If you assume a baseline tax, then from a budgetary perspective, money not brought in because of a deduction is the same as money brought in and then expended (only more efficient). That doesn’t address the question of whether the individual in question is a net beneficiary, and so the point above about “relying on” government benefits not being the same as “receiving” government benefits is valid, but it does address the question of a deduction being similar to cutting a check.

OneEyedMan September 25, 2012 at 3:56 pm

If you undo the tax expenditures then you should also undo the progressiveness of the income tax system as well because any changes in revenue from variable rates are the same as changes from deductions or tax expenditures. Since US tax are more progressive than other countries (http://themonkeycage.org/blog/2012/02/16/the-facts-about-tax-progressivity/) , this actually makes the implied transfers even larger. Indeed, you might argue that since poll-taxes minimize tax distortions and asign every person the same responsibility best thought of as the proper baseline. Even a flat tax involves subsidies to some (those that earn less or consume more public goods for their income) that are best thought of as tax expenditures.

With all that in mind, it isn’t at all clear to me that focusing on tax expenditures actually helps very much.

John Sides September 25, 2012 at 9:40 pm

Two quick points. First, if you exclude tax expenditures entirely and focus only on direct benefits, our points still stands: large majorities of Republicans and Democrats use these programs.

Second, in her earlier guest post, Suzanne explained why tax expenditures can be analogized to direct government benefits:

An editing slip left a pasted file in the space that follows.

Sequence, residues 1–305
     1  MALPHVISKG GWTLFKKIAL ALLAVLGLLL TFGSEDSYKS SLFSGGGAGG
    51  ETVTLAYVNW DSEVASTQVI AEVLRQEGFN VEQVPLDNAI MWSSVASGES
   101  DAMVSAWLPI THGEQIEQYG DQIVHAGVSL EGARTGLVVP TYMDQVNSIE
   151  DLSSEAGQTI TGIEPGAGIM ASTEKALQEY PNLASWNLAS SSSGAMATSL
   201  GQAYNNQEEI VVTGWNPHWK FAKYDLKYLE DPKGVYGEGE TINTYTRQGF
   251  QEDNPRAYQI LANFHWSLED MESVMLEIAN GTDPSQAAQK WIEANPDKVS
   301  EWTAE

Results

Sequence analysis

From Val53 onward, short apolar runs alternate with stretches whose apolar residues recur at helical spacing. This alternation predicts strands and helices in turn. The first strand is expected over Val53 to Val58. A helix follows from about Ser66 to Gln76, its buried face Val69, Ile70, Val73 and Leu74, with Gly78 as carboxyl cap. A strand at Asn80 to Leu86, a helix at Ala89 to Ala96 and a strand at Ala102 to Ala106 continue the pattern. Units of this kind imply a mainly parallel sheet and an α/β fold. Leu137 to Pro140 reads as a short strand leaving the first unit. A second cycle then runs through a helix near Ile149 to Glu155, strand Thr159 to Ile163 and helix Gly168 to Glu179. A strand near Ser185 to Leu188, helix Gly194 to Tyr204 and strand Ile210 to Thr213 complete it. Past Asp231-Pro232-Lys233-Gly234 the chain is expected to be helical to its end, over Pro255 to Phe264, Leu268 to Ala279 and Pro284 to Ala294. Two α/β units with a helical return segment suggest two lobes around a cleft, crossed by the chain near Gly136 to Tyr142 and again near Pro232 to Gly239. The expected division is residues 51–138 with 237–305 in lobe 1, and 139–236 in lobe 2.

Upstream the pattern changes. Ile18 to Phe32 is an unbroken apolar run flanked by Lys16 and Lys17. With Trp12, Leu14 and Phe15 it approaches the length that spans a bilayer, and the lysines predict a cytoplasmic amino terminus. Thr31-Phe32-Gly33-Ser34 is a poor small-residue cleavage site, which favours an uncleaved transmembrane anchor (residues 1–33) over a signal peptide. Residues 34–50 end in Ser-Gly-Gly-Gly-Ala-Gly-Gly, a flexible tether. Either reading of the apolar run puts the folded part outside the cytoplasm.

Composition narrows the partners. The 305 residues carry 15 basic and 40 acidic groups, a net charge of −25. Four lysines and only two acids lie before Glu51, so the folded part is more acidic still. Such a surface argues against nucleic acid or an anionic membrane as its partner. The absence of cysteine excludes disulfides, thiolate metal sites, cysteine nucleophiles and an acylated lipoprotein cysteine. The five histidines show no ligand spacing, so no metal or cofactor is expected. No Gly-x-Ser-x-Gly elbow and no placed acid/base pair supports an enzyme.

http://themonkeycage.org/blog/2011/10/24/11470/

albatross September 26, 2012 at 9:50 am

From a budget perspective, knocking $100 off everyone’s tax bill is equivalent to mailing a $100 check to everyone who filed tax returns, right? You can argue whether there are moral differences, but the effect on the budget is identical, and I find it hard to see a reasonable argument that would say one of those things was good policy while the other was bad policy.

ben September 26, 2012 at 11:56 am

“From a budget perspective, knocking $100 off everyone’s tax bill is equivalent to mailing a $100 check to everyone who filed tax returns, right?”

…except that the $100 direct transfer in social welfare benefits to an individual is often going to someone who doesn’t file a tax return (i.e., they aren’t paying into the system).

So yeah it’s different. From an accounting perspective it’s identical, but from the “moral” standpoint it’s vastly different. In one case someone is being able to keep MORE of the money they earned rather then pay into government, in the other case someone who ISN’T paying in to government taxes is receiving $ from govt.